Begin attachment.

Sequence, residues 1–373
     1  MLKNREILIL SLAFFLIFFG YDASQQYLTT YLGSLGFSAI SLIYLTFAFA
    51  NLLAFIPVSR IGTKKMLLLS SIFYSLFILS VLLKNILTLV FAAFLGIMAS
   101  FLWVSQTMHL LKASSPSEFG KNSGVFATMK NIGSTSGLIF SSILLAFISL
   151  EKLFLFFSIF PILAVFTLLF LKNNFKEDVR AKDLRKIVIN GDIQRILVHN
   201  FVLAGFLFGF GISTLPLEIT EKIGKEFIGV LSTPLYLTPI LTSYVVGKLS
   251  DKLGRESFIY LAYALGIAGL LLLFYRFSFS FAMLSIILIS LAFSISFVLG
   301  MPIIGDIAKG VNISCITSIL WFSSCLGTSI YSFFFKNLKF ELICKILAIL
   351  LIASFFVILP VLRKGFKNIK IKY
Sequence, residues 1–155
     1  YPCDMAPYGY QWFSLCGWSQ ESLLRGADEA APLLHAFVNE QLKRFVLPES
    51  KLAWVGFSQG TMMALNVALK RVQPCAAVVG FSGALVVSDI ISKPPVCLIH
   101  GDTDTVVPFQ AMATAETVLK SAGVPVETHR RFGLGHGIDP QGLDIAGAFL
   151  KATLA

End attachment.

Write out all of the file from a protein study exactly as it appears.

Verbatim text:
Sequence, residues 1–373
     1  MLKNREILIL SLAFFLIFFG YDASQQYLTT YLGSLGFSAI SLIYLTFAFA
    51  NLLAFIPVSR IGTKKMLLLS SIFYSLFILS VLLKNILTLV FAAFLGIMAS
   101  FLWVSQTMHL LKASSPSEFG KNSGVFATMK NIGSTSGLIF SSILLAFISL
   151  EKLFLFFSIF PILAVFTLLF LKNNFKEDVR AKDLRKIVIN GDIQRILVHN
   201  FVLAGFLFGF GISTLPLEIT EKIGKEFIGV LSTPLYLTPI LTSYVVGKLS
   251  DKLGRESFIY LAYALGIAGL LLLFYRFSFS FAMLSIILIS LAFSISFVLG
   301  MPIIGDIAKG VNISCITSIL WFSSCLGTSI YSFFFKNLKF ELICKILAIL
   351  LIASFFVILP VLRKGFKNIK IKY
Sequence, residues 1–155
     1  YPCDMAPYGY QWFSLCGWSQ ESLLRGADEA APLLHAFVNE QLKRFVLPES
    51  KLAWVGFSQG TMMALNVALK RVQPCAAVVG FSGALVVSDI ISKPPVCLIH
   101  GDTDTVVPFQ AMATAETVLK SAGVPVETHR RFGLGHGIDP QGLDIAGAFL
   151  KATLA